Wednesday, August 20, 2008

Liberalism in the GOP?

I must confess that sitting down first thing in the morning to review the emails that have come in overnight is more a ritual than anything else. It is something I do while having the first cup of coffee, after the near logistical nightmare that accompanies making sure my children are ready for school.

This morning was a bit different because a friend forwarded me an email from an organization called the American Conservative Union. It seems the ACU is worried about the forthcoming Republican National Convention being taken over by, dare I say it, liberals! Yes, indeed, the bulwark of conservatism that is the ACU is worried about that insidious, creeping, stealthy political malaise known as liberalism. That would be catastophic in the eyes of the ACU, and I can understand why: If liberalism gains a foothold in the Republican Party they might have to change their name to the American Conservative and Liberals Union, but the ACLU acronym has already been taken. And for conservatives to be confused with the ACLU, well, we just cannot have that, can we?

I realize it probably isn't good form for me to poke fun at the ACU at this moment of ideological crisis for them, but I simply cannot resist some good natured barbs in their direction, especially since their email has convinced me they probably have some of the tightest sphincters ever to appear on earth.

So, before the gastric acid scorches its way through their collective visceras, let me rush to assure them that I don't believe for a moment that the GOP is in any danger of being taken over by liberals. I do think its sad that an organization is in need of enemas....ummm....enemies as justification for their own existence. The American Conservative Union and its agenda came into being long before the second Bush administration, and they're going to be here afterwards, too. And as a long-time activist, I can appreciate and support their opposition to the Republican Party and expect they'll go all out for their victory, pyrrhic though it could be.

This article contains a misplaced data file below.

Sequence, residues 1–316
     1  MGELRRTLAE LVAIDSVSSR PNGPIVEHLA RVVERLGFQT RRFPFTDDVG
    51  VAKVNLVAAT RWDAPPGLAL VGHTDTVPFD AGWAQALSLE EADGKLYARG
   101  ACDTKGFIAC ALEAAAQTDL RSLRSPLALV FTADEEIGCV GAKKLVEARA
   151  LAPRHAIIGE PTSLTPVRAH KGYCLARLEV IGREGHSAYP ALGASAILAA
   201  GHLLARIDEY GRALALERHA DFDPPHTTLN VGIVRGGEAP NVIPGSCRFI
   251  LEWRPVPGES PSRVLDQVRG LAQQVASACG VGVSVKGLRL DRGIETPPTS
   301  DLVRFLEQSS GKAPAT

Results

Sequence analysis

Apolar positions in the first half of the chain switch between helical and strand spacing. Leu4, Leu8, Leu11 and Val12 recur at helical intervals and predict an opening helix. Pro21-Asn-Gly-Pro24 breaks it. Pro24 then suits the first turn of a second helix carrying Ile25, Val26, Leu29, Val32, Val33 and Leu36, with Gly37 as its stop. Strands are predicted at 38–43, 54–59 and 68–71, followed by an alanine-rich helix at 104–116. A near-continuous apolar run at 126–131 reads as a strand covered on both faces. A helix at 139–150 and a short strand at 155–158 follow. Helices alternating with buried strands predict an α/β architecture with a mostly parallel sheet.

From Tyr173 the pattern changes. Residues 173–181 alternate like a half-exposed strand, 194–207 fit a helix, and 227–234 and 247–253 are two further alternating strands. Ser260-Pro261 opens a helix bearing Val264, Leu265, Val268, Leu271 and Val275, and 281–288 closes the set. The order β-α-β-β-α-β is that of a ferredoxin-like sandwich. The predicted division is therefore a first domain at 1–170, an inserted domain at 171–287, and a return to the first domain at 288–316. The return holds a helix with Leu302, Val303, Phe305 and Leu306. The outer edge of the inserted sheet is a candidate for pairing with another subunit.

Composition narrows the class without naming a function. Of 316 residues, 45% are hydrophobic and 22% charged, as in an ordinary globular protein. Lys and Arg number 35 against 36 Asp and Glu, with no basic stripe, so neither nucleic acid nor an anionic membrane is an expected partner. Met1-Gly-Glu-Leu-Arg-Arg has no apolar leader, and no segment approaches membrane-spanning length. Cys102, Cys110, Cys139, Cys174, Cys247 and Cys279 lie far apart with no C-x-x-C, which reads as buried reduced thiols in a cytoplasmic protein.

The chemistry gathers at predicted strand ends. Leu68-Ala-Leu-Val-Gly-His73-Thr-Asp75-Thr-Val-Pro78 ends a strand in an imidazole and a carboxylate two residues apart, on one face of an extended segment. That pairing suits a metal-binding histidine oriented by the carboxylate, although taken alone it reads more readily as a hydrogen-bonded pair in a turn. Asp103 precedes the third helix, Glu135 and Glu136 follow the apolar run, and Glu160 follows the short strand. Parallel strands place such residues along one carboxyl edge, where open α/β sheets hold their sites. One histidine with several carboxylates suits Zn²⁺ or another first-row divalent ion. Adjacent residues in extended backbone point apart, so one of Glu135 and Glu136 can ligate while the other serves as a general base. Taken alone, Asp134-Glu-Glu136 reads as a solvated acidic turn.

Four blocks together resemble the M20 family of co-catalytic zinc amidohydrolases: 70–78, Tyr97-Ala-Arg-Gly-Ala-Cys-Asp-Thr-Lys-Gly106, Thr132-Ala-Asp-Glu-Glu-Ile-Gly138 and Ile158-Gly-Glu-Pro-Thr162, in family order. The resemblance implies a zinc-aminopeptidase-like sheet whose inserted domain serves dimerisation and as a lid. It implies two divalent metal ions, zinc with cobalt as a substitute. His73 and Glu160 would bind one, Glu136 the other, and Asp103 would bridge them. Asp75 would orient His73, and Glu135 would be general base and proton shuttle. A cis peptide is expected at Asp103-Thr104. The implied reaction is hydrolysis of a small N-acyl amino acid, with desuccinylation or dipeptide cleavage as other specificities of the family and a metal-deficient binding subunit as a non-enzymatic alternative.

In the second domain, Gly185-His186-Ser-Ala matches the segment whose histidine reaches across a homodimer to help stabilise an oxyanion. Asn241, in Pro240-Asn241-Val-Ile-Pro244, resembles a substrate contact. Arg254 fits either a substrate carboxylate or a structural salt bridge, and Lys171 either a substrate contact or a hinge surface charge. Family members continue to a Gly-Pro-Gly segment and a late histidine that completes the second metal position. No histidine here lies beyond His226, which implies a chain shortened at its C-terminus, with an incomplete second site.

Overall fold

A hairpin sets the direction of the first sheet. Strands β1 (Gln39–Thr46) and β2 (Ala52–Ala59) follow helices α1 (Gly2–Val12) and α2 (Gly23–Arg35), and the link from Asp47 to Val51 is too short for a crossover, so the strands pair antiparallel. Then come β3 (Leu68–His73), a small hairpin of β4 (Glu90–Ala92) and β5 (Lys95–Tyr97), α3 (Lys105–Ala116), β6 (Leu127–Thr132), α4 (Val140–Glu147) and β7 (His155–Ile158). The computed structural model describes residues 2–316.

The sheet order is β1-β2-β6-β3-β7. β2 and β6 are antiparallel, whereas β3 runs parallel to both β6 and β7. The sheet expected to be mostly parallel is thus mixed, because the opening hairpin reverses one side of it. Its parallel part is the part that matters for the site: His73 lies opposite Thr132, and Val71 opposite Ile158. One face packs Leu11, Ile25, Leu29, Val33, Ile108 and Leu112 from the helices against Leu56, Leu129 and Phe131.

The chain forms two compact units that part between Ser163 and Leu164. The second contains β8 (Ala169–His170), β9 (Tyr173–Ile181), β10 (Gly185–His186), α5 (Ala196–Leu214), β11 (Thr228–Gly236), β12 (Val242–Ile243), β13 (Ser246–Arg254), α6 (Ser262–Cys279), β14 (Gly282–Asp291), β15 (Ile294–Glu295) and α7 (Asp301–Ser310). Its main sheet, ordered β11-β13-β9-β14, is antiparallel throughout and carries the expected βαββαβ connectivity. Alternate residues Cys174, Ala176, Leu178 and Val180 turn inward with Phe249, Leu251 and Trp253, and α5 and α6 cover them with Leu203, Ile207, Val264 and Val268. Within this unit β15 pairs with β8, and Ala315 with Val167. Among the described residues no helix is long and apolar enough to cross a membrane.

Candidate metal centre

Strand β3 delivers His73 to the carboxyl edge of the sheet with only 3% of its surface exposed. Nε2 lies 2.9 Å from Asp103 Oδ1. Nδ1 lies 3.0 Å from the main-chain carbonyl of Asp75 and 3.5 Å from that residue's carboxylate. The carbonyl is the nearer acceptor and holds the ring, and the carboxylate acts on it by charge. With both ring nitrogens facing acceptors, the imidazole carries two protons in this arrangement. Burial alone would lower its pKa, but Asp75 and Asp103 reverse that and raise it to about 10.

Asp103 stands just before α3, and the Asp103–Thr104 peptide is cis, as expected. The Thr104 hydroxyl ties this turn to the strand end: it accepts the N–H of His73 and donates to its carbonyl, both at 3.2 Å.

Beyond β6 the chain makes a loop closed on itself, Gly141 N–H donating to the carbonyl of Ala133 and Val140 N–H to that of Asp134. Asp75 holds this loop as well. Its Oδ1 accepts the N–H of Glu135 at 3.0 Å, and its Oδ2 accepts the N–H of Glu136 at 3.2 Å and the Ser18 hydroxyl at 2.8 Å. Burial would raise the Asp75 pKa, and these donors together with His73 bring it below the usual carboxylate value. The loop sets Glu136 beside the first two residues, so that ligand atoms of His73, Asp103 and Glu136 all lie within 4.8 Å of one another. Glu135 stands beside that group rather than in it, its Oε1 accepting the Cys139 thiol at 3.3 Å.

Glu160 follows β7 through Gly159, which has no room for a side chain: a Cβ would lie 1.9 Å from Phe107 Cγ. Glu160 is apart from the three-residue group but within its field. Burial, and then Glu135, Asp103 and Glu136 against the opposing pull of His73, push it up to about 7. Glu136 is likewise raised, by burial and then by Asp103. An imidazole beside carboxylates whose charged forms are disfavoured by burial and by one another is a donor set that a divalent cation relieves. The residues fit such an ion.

And I write this because the ACU believes, according to their email, that Americans deserve a "conservative future." Never mind that this would "conserve" corporations who get bailed out and "serve" at the altar of high profits. Until I saw their email, I wasn't worried at all about liberals insinuating themselves into the GOP.

No, I and so many other people in the US have been worried about phantom issues, like having money for gas so I could fill the tank and drive to work, paying the tolls on the expressway to women and men workers who may soon lose their jobs so the state can privatize and save money. And of course I need to do this, like so many others, so that we can pay our rents and mortgages and put food on the table, serving up that bowl of cereal to our kids in the morning at prices that are almost as high as they are for gas.

How could we be so misguided? So shortsighted? We should have been worried about the invasion of liberalism in the GOP!

The ACU's email asks me to make my voice heard. Now I do realize that they didn't mean "my" voice precisely, since the email wasn't sent to me. But I wanted to let them know how I felt in any case. We've had 8 years of a conservative-neoconservative administration. When I think of a "conservative future," I think of the United States of America having a "going out of business" sale, and the first 500 people to call will get free shipping and a complimentary set of flatware. That's right...ummm...far right. We could be the only nation ever in the history of the planet to declare bankruptcy under Chapter 11. It would make for an interesting Trustee's meeting.

But as I've said, I'm not worried. Even if a few liberals do go in the GOP's direction, and the platform is a touch more liberal than those of past years (which wouldn't be at all difficult), when the ballots are cast in November they will discover they do not have the heart, soul and vitality of the mass movement that has grown and emerged around the Obama campaign.